A Citizen-like chatbot allows Ukrainians to report to the government when they spot Russian troops — here's how it works

A Citizen-like chatbot allows Ukrainians to report to the government when they spot Russian troops — here's how it works
Everyday Ukrainians can use E-Enemy to inform the government of Russian troop sightings.Maxym Marusenko/NurPhoto via Getty Images
  • Before the war the Ukrainian government launched an app to connect citizens with public services.
  • Now that app has a chatbot that lets citizens inform the military of Russian troop in their area.

In February of 2020, the Ukrainian government released a new app that would make good on President Zelensky's key campaign promise: to root out bureaucracy and digitize key parts of the government. In peacetime, the app Diia, was meant to be a central hub for citizens' interactions with their government, allowing someone to access their identity cards, pay their taxes, and receive public services.

Now, during wartime, the country's Ministry of Digital Transformation has launched a new feature called E-Enemy, over Diia allowing any Ukrainian citizen to inform the army when they spot Russian troops and infantry. "Anyone can help our army locate Russian troops," an update on March 10th by the ministry. "Use our chat bot to inform the Armed Forces," it said.

As footage of the invasion flooded social media and Telegram, Ukrainian security forces relied heavily on intelligence gathered over the platforms to find and locate Russian troops. The country's internal affairs ministry even created a preliminary version of the chatbot to source information on Russian troop movements over the app. At least in one instance, the government announced intelligence gathered over Telegram helped Ukrainian troops find and destroy enemy convoys near Kyiv. But, according to Slava Banik, director of E-services development at the Ministry of Digital transformation, verification of intelligence took a long time through the previous version and often Russian bots would flood disinformation onto the platform.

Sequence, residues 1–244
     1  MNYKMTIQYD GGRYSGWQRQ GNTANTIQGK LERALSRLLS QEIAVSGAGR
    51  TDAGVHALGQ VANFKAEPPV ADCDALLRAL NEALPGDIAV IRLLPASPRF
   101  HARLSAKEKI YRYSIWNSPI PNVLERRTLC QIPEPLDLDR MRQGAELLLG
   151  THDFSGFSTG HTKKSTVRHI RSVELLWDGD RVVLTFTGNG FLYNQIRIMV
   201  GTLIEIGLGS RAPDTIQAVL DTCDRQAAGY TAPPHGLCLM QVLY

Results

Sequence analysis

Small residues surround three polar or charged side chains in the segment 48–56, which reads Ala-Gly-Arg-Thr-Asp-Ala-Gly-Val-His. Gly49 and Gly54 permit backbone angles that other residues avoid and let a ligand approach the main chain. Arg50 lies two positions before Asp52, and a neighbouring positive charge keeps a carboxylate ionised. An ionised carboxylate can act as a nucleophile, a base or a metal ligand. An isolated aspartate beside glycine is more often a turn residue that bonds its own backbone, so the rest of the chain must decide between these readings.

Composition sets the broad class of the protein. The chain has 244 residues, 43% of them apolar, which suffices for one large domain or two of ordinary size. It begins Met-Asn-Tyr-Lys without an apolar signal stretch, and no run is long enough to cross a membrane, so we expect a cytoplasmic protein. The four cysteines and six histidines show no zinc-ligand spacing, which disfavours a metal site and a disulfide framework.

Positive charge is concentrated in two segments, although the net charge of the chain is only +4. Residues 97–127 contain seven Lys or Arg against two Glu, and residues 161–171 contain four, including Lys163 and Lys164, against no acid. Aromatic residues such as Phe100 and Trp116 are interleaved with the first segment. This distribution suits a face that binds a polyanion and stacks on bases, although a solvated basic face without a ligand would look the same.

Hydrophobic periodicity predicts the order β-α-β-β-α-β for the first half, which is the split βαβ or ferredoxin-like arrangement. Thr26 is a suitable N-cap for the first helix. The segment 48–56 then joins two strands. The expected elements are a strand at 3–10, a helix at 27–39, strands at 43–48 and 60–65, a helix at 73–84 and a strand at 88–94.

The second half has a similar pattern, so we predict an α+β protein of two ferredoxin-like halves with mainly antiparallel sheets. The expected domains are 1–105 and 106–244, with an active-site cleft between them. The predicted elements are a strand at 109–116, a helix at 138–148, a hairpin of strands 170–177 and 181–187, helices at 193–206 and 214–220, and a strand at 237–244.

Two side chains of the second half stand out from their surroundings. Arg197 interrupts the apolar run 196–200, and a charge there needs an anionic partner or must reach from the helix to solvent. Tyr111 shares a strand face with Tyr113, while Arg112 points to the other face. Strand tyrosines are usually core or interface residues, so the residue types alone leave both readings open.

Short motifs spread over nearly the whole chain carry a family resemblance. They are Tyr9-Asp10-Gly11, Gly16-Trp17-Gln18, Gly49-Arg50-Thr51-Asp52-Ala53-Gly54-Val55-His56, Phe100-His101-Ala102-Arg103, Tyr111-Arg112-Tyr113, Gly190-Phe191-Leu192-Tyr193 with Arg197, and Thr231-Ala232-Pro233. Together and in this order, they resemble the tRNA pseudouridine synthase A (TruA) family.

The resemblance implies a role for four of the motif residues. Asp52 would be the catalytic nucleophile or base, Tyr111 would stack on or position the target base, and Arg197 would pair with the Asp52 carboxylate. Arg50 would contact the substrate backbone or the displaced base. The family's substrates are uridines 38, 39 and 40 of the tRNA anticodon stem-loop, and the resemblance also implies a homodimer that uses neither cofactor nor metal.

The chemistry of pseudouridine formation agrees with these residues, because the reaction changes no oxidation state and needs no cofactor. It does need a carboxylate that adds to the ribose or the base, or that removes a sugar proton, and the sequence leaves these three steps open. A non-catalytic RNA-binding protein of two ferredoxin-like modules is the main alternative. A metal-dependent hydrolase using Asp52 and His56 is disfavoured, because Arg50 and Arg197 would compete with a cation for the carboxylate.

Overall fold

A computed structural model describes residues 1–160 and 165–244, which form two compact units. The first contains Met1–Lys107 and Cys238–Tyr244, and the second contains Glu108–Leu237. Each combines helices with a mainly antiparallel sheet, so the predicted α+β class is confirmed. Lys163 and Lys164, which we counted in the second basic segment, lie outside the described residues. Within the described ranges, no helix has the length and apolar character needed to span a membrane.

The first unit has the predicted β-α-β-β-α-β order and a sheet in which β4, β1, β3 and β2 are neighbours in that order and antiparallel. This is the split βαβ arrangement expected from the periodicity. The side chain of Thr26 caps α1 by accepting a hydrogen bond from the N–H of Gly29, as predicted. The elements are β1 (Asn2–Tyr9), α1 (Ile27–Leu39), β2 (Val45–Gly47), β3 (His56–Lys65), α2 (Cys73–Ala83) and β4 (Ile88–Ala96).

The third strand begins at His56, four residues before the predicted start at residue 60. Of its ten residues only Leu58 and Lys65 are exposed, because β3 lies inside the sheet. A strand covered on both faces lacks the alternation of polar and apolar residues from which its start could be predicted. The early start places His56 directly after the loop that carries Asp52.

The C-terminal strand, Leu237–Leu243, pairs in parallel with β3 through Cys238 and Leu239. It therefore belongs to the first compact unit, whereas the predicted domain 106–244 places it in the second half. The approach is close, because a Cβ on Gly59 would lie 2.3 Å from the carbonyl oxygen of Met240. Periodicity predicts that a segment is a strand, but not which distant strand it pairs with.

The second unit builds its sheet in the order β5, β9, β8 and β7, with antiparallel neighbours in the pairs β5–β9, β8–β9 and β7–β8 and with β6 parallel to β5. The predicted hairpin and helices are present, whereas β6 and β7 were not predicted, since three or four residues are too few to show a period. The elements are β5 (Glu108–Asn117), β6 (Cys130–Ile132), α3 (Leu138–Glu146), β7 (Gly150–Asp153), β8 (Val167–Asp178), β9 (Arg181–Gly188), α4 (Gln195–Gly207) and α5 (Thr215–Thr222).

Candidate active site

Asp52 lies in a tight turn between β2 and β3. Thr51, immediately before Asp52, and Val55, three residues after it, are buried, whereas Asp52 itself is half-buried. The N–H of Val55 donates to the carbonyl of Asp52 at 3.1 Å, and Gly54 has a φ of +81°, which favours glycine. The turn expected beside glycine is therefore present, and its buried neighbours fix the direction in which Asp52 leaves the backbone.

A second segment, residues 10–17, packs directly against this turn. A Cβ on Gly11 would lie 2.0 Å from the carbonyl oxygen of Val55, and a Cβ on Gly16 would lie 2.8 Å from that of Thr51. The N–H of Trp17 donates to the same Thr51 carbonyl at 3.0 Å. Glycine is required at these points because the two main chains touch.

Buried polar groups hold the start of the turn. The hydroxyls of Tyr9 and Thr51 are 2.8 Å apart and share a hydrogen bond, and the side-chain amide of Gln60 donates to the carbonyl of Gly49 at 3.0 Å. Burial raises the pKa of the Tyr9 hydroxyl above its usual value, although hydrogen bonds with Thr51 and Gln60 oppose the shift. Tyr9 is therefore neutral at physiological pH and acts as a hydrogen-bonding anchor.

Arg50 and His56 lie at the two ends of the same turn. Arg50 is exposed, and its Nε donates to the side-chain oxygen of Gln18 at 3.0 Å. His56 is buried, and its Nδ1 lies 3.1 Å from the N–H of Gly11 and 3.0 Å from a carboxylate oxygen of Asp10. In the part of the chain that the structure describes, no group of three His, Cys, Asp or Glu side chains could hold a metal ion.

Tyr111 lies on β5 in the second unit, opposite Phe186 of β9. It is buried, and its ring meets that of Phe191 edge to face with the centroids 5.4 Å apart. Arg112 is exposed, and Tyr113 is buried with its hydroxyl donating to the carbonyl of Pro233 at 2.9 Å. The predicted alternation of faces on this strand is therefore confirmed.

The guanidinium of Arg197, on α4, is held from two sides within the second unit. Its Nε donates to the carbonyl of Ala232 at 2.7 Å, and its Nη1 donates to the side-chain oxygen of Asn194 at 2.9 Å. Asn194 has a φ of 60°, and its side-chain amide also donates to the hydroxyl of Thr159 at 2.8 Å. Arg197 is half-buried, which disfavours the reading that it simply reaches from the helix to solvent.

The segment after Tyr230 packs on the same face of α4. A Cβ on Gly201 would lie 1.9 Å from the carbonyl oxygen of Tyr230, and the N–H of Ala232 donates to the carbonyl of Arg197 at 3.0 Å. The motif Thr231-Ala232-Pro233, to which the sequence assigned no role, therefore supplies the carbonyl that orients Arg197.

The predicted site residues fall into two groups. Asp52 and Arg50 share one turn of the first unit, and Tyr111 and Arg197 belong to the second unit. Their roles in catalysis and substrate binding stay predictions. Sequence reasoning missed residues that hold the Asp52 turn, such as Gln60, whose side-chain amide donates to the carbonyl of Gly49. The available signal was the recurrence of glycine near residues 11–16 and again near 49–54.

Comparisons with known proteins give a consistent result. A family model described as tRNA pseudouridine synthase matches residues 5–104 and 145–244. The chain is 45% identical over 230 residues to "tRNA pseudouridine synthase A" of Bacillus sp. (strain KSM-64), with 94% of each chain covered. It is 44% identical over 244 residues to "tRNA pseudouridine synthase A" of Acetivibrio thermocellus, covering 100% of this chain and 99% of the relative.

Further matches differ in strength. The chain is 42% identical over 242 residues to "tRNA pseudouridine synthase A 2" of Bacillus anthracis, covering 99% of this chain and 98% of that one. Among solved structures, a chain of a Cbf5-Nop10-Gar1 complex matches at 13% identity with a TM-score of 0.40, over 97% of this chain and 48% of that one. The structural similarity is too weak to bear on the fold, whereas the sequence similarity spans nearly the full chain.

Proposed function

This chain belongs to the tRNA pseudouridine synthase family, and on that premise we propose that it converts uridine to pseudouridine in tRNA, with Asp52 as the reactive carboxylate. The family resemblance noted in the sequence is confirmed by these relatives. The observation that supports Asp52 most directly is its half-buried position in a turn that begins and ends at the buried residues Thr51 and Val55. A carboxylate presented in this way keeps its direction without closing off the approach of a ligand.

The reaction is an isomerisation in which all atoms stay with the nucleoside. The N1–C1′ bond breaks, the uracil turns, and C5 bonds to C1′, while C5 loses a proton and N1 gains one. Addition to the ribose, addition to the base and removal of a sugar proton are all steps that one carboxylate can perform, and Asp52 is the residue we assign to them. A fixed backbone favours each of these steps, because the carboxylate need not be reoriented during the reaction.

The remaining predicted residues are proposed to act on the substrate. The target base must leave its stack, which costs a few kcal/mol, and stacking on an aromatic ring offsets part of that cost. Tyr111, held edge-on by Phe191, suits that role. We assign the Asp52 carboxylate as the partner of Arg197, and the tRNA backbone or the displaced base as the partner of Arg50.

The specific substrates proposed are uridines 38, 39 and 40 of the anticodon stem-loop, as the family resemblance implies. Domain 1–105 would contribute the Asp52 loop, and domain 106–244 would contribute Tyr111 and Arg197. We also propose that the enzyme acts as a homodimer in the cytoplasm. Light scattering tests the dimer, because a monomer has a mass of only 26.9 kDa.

Complimentary Tech Event
Transform talent with learning that works
Capability development is critical for businesses who want to push the envelope of innovation.Discover how business leaders are strategizing around building talent capabilities and empowering employee transformation.Know More

Diia, according to the Ministry of Digital Transformation, changes that by requiring users to login and authenticate themselves via the e-passport system. "We know for sure it's a real person sending the info and not a Russian bot," Banik told Insider.

While users login to E-Enemy through Diia, they are then redirected to a Telegram chatbot that handles that asks users if they are the primary source for the intelligence, alongside basic information about the types of troops, whether they were moving on foot or in vehicles, the number of troops, and the time of contact. According to the ministry, over 260,000 people have used the app since it launched last month.


A Citizen-like chatbot allows Ukrainians to report to the government when they spot Russian troops — here's how it works
The E-Enemy bot asks users if they've seen Russian troops before asking users to clarify the type, number of troops and where they saw them.Yaroslav Druziuk

Sofiya Danylova, an editor at a local Kyiv publication, used the earlier version of the app before it was linked to the Diia platform. Russian troops were entering through Chernihiv, a city close to Ukraine's border with Belarus. Danylova, who's family friends lived in a village close to where troops were advancing, pleaded with Danylova to find a way to inform Ukrainian troops of the situation. They were unfamiliar with Telegram or how to use chatbots. Danylova found the chatbot and uploaded videos of Russian troops advancing that her friends had taken. "Our friends identified the V marking on the Russian vehicles moving along their villages," Danylova said. To be safe, she also sent the information to a friend that served in the Ukrainian army.

Slava Churpita, a bar owner in the country's capital, had a similar experience. She was asked to use the bot by a neighbor, who had just seen possible Russian drones flying over her area. Churpita sent the information provided by the witness, making sure to credit that it was second hand information. But she said, she was ultimately unsure of how useful the information might have been.

Ukrainian officials are also hoping the app will be a resource to document war crimes occurring in the country. After Russian soldiers reportedly massacred 400 civilians in Bucha, Ukraine's head of the Ministry of Digital Transformation, Mykhailo Fedorov encouraged witnesses or sources that knew information about the perpetrators of the massacre or other possible war crimes to use the app to report on it.

"We're confident [the app] is doing its job," Banik said.

For now, Diia's Fedorov sees the app as an essential tool to allow everyday Ukrainians to participate in the war effort.


"We will find every single one of them," he said on his public Telegram channel. "Technology will help."